PUBLISHERS OF LITERARY FICTION SINCE 1983
'Eleazard von Wogau, an occasional Reuters correspondent living in semi-retirement in Brazil's Nordeste, is the centre of Jean-Marie Blas de Robles's ambitious, ingenious, hugely enjoyable epic Where Tigers Are At Home. Elezard is the hub from which radiates the spokes of a freewheeling narrative that mixes adventure yarn, magic realism, social comment, political satire, high ideas, popular culture and a standard injection of sadism and sex...
Long in the making, and rejected by thirty-five publishers, this clever, exuberant philosophical novel, the winner of three major French prizes, now appears in a splendidly complicit, fluent, vivid translation by Mike Mitchell. Where Tigers Are At Home favours action over character and quirky knowledge over argument, but is never shallow. At its heart it is a clear, Hobbesian reminder that we do not live in a protected Eden but in a land where power is king and tigers are more at home than we are.'
Writing in French a story set in Brazil, Blas de Roblès simultaneously channels Umberto Eco, Indiana Jones, and Jorge Amado in his internationally acclaimed 800-plus–page riff on science, civilization, and self-interest. Fact and fiction interweave through alternating narratives: a French journalist attempts to translate a 17th-century manuscript recording the life of real-life Jesuit scholar Anathasius Kircher as seen through the eyes of his private secretary; the journalist’s ex-wife searches for rare fossils in the Amazon rain forest; the journalist’s daughter seeks oblivion in drugs and sex; Nelson, a 10-year-old crippled beggar, exists among the dregs of society; Carlotta, wife of a corrupt politician, entertains the elite. The novel opens with journalist Eléazard von Wogau reading about
Kircher’s wide-ranging academic studies and acquaintances with figures like Bernini, Galileo, and Sweden’s Queen Christina. But what begins as a faux metabiography turns to picaresque adventure with erotic escapades, scams, and unexpected changes of fortune: Elaine von Wogau’s geological expedition is attacked in the jungle and must seek refuge among headhunters, while her daughter, Moéma, spirals downward into addiction. From a foul-mouthed macaw to Leonardo’s flying machine, this sprawling novel depicts “the absurdity beneath which the criminal stupidity of men generally
This French novel set in North East Brazil follows a French reporter as he writes a book about the polymath Athansisus Kircher, a priest interested in all branches of contemporary knowledge and technology. The action jumps from Brazil to a bio of Kircher. Unusual - one that needs to be read widely.
Late in de Roblès’ remarkable novel, a tribal shaman chants, “Soon the Messenger will guide us to that mountain where visions cascade down uninterruptedly.” This dazzling book is itself such a mountain, overflowing with visions that dramatically enlarge the reader’s imaginative horizons. At the narrative confluence of these surging visions, de Roblès places the complex psyche of Eléazard von Wogau, a French journalist living in Brazil, spending his retirement editing the manuscript of a biography of a seventeenth-century Jesuit, a polymath whose life trajectory exposes theological passions, alchemical secrets, and sensual appetites. Unsettled by the serpentine turns in the life of this dead cleric, Eléazard struggles to cope with the more immediate influence of an ex-wife venturing into a perilous rain forest to do archaeological research and a mercurial daughter hitting the beach with a lesbian lover and a freethinking professor. As Eléazard teeters on the brink of insanity, readers may find their own grip on reality slipping away in a vortex of literary enchantment that fuses arcane scholarship, polymorphic sex, exotic geography, psychedelic drugs, and gruesome violence. Thanks to a gifted translator, English- speaking readers can now understand why European critics have been raving over this astonishing novel, winner of the Prix Médici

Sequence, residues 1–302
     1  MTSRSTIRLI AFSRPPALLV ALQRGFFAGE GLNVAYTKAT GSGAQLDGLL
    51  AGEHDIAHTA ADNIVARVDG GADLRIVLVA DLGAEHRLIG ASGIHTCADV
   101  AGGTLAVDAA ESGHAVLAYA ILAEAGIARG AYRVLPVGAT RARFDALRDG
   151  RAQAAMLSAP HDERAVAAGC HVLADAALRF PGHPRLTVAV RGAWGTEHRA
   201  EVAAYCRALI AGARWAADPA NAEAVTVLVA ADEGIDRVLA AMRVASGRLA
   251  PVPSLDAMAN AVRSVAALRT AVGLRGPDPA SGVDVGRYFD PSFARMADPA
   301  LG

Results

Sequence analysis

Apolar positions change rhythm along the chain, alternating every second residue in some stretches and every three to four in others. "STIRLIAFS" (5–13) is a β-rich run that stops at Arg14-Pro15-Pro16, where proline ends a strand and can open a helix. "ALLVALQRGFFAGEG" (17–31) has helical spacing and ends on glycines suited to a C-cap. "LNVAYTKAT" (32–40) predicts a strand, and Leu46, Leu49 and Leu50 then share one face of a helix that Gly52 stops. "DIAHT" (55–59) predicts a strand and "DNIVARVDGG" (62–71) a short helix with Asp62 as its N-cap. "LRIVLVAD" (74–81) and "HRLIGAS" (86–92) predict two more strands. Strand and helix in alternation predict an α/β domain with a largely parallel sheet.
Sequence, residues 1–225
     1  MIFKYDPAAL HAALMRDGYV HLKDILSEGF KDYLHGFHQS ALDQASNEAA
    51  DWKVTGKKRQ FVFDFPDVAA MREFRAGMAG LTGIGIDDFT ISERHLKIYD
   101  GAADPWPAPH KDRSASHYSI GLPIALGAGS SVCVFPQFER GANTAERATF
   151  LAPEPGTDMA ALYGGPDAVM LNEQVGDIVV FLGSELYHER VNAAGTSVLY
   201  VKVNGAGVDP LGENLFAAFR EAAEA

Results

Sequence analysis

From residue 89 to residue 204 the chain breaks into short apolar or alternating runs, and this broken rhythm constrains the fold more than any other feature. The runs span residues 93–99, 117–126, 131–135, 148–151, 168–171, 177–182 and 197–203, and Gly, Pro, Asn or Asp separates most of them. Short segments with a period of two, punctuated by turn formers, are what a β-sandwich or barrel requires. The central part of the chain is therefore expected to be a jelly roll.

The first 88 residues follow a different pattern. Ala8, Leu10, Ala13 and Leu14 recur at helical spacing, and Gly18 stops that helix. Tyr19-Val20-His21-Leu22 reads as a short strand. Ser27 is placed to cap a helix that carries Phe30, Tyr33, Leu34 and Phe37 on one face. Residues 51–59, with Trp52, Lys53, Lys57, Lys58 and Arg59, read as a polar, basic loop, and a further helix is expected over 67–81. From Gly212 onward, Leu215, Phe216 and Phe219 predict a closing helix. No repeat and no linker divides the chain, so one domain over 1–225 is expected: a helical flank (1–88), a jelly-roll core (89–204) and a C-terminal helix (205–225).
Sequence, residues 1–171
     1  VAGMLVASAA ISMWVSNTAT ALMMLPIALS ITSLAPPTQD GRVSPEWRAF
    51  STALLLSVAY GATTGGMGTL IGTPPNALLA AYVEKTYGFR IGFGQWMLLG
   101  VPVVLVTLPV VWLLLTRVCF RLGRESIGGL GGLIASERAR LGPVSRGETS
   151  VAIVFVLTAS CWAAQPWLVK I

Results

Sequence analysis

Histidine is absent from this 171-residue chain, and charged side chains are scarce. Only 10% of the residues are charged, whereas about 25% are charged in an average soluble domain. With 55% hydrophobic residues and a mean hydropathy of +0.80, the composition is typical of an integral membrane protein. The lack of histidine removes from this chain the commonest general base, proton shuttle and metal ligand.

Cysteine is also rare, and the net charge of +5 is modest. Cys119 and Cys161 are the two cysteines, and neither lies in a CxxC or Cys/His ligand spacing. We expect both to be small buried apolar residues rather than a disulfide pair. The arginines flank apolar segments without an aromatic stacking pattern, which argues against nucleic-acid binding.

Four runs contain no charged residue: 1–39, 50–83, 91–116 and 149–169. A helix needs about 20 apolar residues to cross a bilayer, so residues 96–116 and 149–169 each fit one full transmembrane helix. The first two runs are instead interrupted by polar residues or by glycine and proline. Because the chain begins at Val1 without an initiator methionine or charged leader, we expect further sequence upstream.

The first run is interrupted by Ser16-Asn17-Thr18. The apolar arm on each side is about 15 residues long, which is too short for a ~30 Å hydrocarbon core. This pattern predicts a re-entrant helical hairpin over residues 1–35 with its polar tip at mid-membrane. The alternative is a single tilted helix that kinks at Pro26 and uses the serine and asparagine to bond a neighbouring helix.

Where Tigers are at Home is set in Brazil, in 1982. [The World Cup, going on in the background, supplies the date (which is also around time when author Blas de Roblès was apparently running the local French cultural institute in Fortaleza, which is one of the locales of the novel) -- though in describing Brazil's 2:1 win over the Soviet Union Blas de Roblès frustratingly mistakenly ascribes the second goal to Zico (it was Éder who scored in the 88th minute) and claims that this was the win that put Brazil through into the second round; it was only the first match in group play, and the win didn't assure them of advancing yet (thought they did).] The central figure in the novel is Eléazard von Wogau, who lives in the northeastern town of Alcântara. He is separated from his wife, Elaine, who is making her mark as a paleontologist in Brasilia, and their daughter, Moéma, has moved away from both of them and is a student in Fortaleza. Nominally a foreign correspondent -- but hardly in the thick of any news-reporting in this remote outpost -- Eléazard had, long ago, worked on a thesis on seventeenth century polymath Athanasius Kircher and still: "knew Kircher's works better than anyone -- fifteen years of close acquaintance with a famous unknown are generally sufficient to procure one that useless privilege".
The novel begins with Eléazard having been sent a biographical account of Kircher that is ostensibly the work of one Caspar Schott (better known as Gaspar Schott), who had long been an assistant to the master. Eléazard is commissioned to: "establish the text and provide a commentary", readying it for publication. Much of the novel presents chunks from the Schott-manuscript directly, recounting Kircher's life and adventures (and Schott's with him), but the chapters also alternate with accounts from what Eléazard, Elaine, and Moéma are up to in the present-day.
Kircher is an intriguing figure. Eléazard describes his fascination with this "perverse polymath" -- who wasn't sexually perverse but rather intellectually so in his encyclopaedic ambitions: